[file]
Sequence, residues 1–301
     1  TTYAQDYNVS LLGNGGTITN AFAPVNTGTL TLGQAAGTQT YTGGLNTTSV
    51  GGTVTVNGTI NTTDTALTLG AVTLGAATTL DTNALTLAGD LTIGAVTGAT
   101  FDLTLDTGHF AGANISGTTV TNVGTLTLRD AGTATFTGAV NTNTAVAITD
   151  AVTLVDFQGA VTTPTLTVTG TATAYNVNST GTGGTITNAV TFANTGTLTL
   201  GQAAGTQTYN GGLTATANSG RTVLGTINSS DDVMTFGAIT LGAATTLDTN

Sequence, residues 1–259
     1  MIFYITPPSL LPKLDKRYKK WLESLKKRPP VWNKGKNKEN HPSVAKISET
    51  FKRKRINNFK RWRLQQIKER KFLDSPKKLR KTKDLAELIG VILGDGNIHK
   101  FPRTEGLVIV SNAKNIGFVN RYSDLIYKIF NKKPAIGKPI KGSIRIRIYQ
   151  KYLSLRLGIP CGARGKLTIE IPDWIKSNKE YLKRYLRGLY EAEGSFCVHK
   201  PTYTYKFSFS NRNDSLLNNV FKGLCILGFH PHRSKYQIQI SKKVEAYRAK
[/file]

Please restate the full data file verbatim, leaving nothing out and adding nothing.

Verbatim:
Sequence, residues 1–301
     1  TTYAQDYNVS LLGNGGTITN AFAPVNTGTL TLGQAAGTQT YTGGLNTTSV
    51  GGTVTVNGTI NTTDTALTLG AVTLGAATTL DTNALTLAGD LTIGAVTGAT
   101  FDLTLDTGHF AGANISGTTV TNVGTLTLRD AGTATFTGAV NTNTAVAITD
   151  AVTLVDFQGA VTTPTLTVTG TATAYNVNST GTGGTITNAV TFANTGTLTL
   201  GQAAGTQTYN GGLTATANSG RTVLGTINSS DDVMTFGAIT LGAATTLDTN

Sequence, residues 1–259
     1  MIFYITPPSL LPKLDKRYKK WLESLKKRPP VWNKGKNKEN HPSVAKISET
    51  FKRKRINNFK RWRLQQIKER KFLDSPKKLR KTKDLAELIG VILGDGNIHK
   101  FPRTEGLVIV SNAKNIGFVN RYSDLIYKIF NKKPAIGKPI KGSIRIRIYQ
   151  KYLSLRLGIP CGARGKLTIE IPDWIKSNKE YLKRYLRGLY EAEGSFCVHK
   201  PTYTYKFSFS NRNDSLLNNV FKGLCILGFH PHRSKYQIQI SKKVEAYRAK